See more: college, education, human capital, human capital investments, signaling, signals, skill building
It is the first day back to school for the kids, but it’s also Claire’s first day at her new job working for her father, Jay. Phil tries to be supportive, but refers to the last 20 years that Claire has spent as a stay at home mom as a vacation. The Income Leisure Tradeoff model assumes that participants can decide between working at paid employment or spending their time in leisure, but household production is often encapsulated in leisure. The household production model recognizes that time spent at home in productive activities is different than time spent in leisure.
See more: employment, income leisure tradeoff, household labor supply, household production, labor force participation, specialization, tradeoffs, unemployment
Lily lost her first tooth and got $100 from the Tooth Fairy. Cam and Mitch are trying to convince her that the Tooth Fairy made a mistake and she should give the money back, but Lily wants to keep the money until Haley tells her this would almost certainly put her on Santa’s naughty list. Now Lily has to decide what she values more: $100 or Christmas presents.
See more: opportunity cost, rationality, tradeoffs
It is career day at Luke’s school, and the teacher asks Claire to speak about her job as a stay at home mom. She points out that she actually has a lot of different jobs as a stay-at-home-mom. The household production model assumes that agents decide between working at paid work or working at home and producing things that they could have bought with income. Both yield some level of utility, but some partners will specialize in household production depending on the relative wages of the other partner.
One of the downsides of specializing in household labor is that people lose specific and general human capital associated with market work. While Claire would like to go back to work, it is hard to find a job after you have been out of the labor force for 15 years, mainly because everyone who didn’t drop out would have continued learning new skills. In labor economics, this is known as The Mommy Track.
See more: household labor supply, household production, human capital depreciation, job search, labor force, labor force participation, labor market, skills, tradeoffs, unemployment
Cam and Mitch have decided to get Jay and Gloria a special gift for Gloria’s impending birth. Jay and Gloria have both created a registry of gifts they would like, but Cam has decided to go “off registry” because he believes Jay and Gloria don’t really know what they want. Mitch seems concerned that they will not appreciate it.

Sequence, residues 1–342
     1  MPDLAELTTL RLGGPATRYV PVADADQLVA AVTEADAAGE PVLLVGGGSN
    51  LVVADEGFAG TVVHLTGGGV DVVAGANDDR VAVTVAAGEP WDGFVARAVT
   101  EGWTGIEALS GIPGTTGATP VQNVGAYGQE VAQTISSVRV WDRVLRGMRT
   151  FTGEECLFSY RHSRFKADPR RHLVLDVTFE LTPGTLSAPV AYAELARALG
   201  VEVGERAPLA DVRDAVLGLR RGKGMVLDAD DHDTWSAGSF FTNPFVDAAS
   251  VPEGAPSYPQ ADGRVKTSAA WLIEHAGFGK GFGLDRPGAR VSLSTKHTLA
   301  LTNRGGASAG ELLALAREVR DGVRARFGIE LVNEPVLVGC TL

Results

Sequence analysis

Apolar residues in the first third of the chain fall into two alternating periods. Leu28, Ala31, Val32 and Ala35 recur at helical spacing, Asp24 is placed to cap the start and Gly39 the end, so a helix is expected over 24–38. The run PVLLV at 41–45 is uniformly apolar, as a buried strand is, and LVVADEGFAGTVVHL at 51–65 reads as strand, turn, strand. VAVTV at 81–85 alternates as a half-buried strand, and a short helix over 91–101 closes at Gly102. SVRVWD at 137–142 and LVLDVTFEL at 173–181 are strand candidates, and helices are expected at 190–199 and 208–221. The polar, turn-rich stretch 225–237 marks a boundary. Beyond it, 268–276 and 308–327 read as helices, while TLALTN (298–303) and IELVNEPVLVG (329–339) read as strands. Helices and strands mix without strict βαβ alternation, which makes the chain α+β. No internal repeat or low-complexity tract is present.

One of the issues with gift giving is that the parties have imperfect information about what the other will value the gift at. Economists love to focus on the inefficiency of gift giving and often suggest just exchanging money.
See more: altruism, gift giving, imperfect information, irrationality, rationality
Luke and Manny’s class is having a yard sale to benefit UNICEF, but Jay hates when people haggle. In this scene, some guy had gone into Jay’s house, and then tries to buy his toaster. He’s not sure of the quality of the toaster and isn’t willing to commit to purchasing the toaster unless Jay can prove that it works. In markets with asymmetric information, one party of the transaction has more information about the quality of the product compared to the other party. This makes the market for used goods unique from new goods. It turns out, though, that the toaster was never for sale.
See more: asymmetric information, exchange, insurance, market for lemons, used goods, willingness to buy, willingness to sell
Luke and Manny’s class is having a yard sale to benefit UNICEF. When Mitchel doesn’t want to donate Cam’s pants, Luke tries to re-frame the charity attempt to guilt his uncle into donating more money. Framing is one tactic to get people to do something they may not have done under the original design.
See more: altruism, behavioral, charity, framing, incentives, inequality, poverty
Claire believes Alex’s boyfriend is gay, but Alex doesn’t think that’s the case. She believes that since he invited her to prom and then they kissed, that it must mean he can’t be gay. Signaling is when one party has more information about a transaction than another, but displays some traits or “signals” to convince the other party of the true outcome.
See more: behavioral, signaling, signals